While the commission says the exact amount of Chinese military spending is difficult to identify, China’s projected defense spending for 2014 is cited at $131 billion, approximately 12.2 percent greater than 2013. This figure is about the sixth of what the U.S. spends annually.
The Chinese defense budget has increased by double digits since 1989, the commission states resulting in annual defense spending doubling since 2008, according to the report.
Rep. Randy Forbes, R-Virginia, chairman of the House Armed Services Committee Seapower and Projection Forces subcommittee, cited the increase in submarine and surface navy patrols tripling since 2007 as an area of concern.
“What they are doing with patrols is just the tip of the iceberg. It is not just the number of the ships, but within five to eight years they will have about 82 submarines in the Asia Pacific area and we will have about 32 to 34,” he said.
“If you look at where we are today, they outnumber us about 60 to 32 in subs. If you look at their surface ships they can get us further out with their anti-ship missiles than we can hit them,” Forbes said.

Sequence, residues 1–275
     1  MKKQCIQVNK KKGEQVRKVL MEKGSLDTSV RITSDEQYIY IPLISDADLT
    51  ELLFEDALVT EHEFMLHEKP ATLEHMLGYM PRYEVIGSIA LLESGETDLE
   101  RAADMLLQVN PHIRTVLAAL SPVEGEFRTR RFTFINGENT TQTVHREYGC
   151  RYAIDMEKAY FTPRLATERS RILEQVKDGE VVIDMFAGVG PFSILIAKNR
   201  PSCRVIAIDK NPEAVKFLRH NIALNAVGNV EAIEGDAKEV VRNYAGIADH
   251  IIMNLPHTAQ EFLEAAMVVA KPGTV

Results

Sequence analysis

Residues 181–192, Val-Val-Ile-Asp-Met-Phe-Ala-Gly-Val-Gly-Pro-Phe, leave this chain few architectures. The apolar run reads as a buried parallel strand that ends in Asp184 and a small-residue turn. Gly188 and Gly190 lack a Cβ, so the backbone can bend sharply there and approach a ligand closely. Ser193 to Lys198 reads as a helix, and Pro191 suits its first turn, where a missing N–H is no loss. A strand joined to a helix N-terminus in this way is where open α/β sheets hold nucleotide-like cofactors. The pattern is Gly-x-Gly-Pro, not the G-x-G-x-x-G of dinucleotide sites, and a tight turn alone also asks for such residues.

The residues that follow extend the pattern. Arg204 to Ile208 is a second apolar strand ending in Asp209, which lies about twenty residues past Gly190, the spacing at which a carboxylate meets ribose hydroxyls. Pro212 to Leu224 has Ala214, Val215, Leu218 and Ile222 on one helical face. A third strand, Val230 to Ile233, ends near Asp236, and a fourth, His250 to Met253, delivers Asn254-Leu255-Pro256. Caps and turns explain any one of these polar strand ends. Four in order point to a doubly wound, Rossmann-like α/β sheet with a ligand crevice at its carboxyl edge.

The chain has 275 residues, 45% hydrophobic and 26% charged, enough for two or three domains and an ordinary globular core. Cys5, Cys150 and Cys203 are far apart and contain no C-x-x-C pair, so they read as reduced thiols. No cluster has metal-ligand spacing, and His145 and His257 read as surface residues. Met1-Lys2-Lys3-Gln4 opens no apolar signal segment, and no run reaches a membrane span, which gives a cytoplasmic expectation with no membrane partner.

The Chinese have used cyber espionage of the U.S. military to boost their weapons development programs, the report said. In particular, the review cited a 2012 Defense Science Board report which explains how Chinese cyber spying resulted in their learning details on a number of U.S. systems such as the Littoral Combat Ship, F-35, FA/18, Black Hawk helicopter, Aegis Ballistic Missile Defense, Patriot and Global Hawk.
While Chinese naval technology may still be substantially behind current U.S. platforms, the equation could change dramatically over the next several decades because the Chinese are reportedly working on a handful of high-tech next-generation ships, weapons and naval platforms.
These include the LUYANG III, a new class of Chinese destroyer slated to enter the fleet this year. The ship is being engineered with vertically-launched, long-range anti-ship cruise missiles, the commission said. The new destroyer will carry an extended-range variant of the HHQ-9 surface-to-air missile, among other weapons, the report says.